HASTINGS.- Hastings Contemporary
opened the first major UK retrospective of work by British artist Victor Willing (1928-1988) since his death, charting each decade of his tumultuous life and career from his time at the Slade, his life in Portugal, and back to London and his untimely death from multiple sclerosis.
As part of Hastings Contemporarys ambitious and expanded programme, the exhibition features key loans from Tate, Pallant House Gallery, Arts Council Collection, Gracefield Arts Centre and private collections, bringing the best of Victor Willings works to the South Coast. The exhibition offers visitors a chance to encounter the work of this ground-breaking artist, whose determined, large-scale paintings illustrate phases of domestic life with his wife and fellow artist, Paula Rego (b.1935) and their family, as well as darker periods of emotional difficulty.
Victor Willing: Visions brings to life Willings varied artistic output from training in the late 1940s and early 1950s, his life in Portugal with his young family through the 1960s, and their return to London in the mid-1970s through to late 1980s. The exhibition premieres a new short film of Victor Willings life and career by his son and celebrated filmmaker, Nick Willing following on from his BBC Two documentary Paula Rego: Secrets and Stories alongside unseen material from the family archives.
Liz Gilmore, Director, Hastings Contemporary comments: This hugely important exhibition, commanding almost the entire gallery space puts Victor Willing back into the public spotlight. Willing is an artist who has and continues to inspire generations of artists. This ground-breaking show draws work from collections across Europe and reflects the new ambitious programming of Hastings Contemporary.
Marked out as a star pupil at the Slade School of Fine Art, the school had a profound influence on his professional and personal life it was here that he met Paula Rego and worked alongside the celebrated Slade Director, William Coldstream (1908-1987) and his fellow students and friends Euan Uglow (1932-2000), Michael Andrews (1928-1995), Craigie Aitchison (1926-2009) and Peter Snow (1927-2008). Victor Willing: Visions explores the relationships between Willing and his contemporaries, with key loans of works by Elisabeth Frink (1930-1993), Paula Rego and Michael Andrews, including Michael Andrew's The Deer Park, 1962, from Tate, Paula Rego's intimate portrait of Victor Willing Vic - Study for the Family, 1988 and an unseen work from Regos personal collection, Descent from the Cross, 2002, inspired by Willings MS and death and originally intended to be part of Regos series for the chapel Our Lady of Belém for the President of Portugal.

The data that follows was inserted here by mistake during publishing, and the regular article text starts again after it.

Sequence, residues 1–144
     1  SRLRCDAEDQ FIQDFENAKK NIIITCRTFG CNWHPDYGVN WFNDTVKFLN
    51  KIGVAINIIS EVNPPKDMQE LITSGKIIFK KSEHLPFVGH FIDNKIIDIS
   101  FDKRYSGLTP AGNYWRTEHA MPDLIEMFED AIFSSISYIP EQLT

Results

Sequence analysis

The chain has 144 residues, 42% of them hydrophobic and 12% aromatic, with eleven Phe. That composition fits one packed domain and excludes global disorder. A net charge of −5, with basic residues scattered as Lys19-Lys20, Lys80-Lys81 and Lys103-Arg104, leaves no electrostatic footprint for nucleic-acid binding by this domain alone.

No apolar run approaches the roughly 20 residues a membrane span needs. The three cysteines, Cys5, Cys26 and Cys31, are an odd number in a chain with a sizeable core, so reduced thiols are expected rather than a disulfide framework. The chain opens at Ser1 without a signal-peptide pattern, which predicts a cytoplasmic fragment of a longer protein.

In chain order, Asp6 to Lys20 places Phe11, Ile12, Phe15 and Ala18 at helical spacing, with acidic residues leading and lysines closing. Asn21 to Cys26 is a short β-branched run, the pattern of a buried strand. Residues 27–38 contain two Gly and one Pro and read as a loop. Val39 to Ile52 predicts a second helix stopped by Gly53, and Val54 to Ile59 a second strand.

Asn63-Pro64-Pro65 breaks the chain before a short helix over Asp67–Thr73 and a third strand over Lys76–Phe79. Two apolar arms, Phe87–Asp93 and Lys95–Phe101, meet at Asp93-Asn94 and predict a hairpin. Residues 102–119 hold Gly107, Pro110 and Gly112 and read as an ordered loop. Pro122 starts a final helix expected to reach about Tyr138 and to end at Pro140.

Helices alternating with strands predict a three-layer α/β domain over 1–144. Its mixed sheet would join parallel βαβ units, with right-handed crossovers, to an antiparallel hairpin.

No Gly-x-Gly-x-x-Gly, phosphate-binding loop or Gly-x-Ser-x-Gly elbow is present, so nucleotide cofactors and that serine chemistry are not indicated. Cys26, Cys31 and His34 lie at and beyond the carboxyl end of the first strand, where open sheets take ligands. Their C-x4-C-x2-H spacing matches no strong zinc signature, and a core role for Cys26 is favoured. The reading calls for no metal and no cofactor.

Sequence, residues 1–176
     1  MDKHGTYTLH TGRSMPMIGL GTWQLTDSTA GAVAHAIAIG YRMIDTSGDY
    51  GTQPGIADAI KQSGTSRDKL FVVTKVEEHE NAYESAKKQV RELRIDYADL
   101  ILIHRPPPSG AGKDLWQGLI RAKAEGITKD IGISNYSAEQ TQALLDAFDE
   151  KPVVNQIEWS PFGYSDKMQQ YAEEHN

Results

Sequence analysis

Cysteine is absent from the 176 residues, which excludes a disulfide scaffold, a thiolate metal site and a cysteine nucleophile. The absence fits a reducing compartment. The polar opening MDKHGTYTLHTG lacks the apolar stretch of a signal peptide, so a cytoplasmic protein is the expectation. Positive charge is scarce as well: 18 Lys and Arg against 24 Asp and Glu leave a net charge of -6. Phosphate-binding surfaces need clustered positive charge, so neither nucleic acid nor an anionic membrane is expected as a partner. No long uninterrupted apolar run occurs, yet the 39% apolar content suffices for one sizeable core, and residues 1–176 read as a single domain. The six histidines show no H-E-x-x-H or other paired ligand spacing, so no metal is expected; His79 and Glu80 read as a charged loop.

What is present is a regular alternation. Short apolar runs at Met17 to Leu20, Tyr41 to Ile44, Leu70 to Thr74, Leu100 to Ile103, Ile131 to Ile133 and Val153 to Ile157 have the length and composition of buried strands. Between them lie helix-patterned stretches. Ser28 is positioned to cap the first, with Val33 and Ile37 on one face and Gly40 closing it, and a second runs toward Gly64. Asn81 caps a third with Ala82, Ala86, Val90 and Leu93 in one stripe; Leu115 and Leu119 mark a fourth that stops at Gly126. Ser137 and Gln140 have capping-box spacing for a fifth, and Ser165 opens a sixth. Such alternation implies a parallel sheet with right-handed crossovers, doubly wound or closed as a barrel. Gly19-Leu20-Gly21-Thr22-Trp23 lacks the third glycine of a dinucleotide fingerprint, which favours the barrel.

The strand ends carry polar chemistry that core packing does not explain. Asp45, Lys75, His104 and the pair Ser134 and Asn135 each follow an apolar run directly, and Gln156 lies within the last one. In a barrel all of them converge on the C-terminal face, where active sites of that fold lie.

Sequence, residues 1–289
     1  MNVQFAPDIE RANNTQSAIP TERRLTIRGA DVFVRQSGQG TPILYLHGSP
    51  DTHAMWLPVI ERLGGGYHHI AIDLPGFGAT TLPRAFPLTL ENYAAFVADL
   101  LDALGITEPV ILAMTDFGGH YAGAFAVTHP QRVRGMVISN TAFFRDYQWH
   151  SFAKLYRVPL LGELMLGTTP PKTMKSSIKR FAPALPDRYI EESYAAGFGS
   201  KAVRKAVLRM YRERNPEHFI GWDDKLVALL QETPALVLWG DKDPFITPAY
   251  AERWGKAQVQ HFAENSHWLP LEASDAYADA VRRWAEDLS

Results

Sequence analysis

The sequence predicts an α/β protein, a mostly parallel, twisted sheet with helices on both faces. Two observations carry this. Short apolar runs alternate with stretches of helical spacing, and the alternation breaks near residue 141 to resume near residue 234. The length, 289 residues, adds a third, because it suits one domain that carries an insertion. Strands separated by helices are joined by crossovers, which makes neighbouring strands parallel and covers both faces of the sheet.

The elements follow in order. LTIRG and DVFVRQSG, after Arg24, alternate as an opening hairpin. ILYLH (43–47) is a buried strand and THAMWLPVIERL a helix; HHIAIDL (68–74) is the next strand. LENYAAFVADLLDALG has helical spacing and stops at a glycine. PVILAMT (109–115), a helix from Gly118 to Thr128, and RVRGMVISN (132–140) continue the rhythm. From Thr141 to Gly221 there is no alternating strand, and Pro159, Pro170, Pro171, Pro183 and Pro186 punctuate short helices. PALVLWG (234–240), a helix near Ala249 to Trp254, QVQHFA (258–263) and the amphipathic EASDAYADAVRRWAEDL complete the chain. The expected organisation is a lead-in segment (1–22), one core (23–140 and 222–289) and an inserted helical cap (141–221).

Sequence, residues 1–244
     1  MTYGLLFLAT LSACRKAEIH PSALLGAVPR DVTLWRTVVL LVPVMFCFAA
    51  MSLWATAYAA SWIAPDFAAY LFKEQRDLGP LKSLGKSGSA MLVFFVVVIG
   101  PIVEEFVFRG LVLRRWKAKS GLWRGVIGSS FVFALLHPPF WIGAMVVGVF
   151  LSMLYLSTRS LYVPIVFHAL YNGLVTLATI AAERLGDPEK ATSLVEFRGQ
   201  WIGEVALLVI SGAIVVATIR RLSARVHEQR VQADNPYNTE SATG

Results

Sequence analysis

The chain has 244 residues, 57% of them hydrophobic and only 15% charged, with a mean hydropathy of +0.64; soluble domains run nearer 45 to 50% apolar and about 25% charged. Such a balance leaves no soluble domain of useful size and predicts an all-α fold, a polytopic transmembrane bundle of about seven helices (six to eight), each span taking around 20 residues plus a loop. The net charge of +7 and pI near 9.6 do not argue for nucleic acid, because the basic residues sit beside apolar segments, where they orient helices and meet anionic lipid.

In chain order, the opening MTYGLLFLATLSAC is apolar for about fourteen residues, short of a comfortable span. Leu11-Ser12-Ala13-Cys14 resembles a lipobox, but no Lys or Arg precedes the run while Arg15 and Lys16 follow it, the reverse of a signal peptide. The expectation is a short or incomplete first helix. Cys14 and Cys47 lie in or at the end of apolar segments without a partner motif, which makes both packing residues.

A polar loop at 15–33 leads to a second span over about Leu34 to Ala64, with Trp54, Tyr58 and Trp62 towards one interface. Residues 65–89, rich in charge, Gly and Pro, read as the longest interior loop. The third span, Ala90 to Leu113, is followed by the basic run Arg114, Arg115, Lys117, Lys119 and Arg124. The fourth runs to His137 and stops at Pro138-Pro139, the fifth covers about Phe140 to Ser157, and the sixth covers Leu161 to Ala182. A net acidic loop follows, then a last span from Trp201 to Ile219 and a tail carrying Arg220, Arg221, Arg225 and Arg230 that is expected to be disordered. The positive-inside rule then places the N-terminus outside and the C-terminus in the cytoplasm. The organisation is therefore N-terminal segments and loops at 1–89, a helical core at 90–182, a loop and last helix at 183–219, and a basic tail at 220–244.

During his time at the Slade, Willing came to know artist Francis Bacon and the renowned art critic David Sylvester who described him as a sort of spokesman for his generation. While still a student Willings work was included in two exhibitions at the Institute of Contemporary Art, and he had his first solo show at the prestigious Hanover Gallery just one year after graduating. Victor Willing: Visions includes key works from 1952 - 1957, representing paintings from the time Willing left the Slade until his move to Ericeira, Portugal, including Standing Nude, c.1952-3 from Tate, Standing Nude, 1955 and Winter Machine, 1956 from the Arts Council Collection.
In 1957, Willing moved to Ericeira, Portugal to be with Paula Rego and their family where they remained until the Carnation Revolution in 1974. During these years, as their family grew, Willings work underwent a profound change and the exhibition features key works produced in this period between 1957 and 1974. The exhibition features a powerful series of nudes from this era of his wife and muse, including Blue Nude (Diptych), 1958.
Following the political revolution and economic crisis in Portugal in 1974 the family returned to London, and Willing created work with a renewed urgency until his untimely death in 1988. The exhibition features works from Willings residency at Kettles Yard, Cambridge and the Whitechapel Gallery exhibition in 1987 curated by Sir Nicholas Serota. Writing about Willings work, Sir Nicholas Serota has stated: 'In a bright generation Victor Willing burned brighter than most and his paintings continue to demonstrate that this was no shooting star but rather a fiery comet which would eventually guide us all'.
A new publication on Victor Willing featuring an introduction by early champion of Victor Willing, Sir Nicholas Serota, an essay by John McEwen and texts by Victor Willing has been published to accompany the exhibition.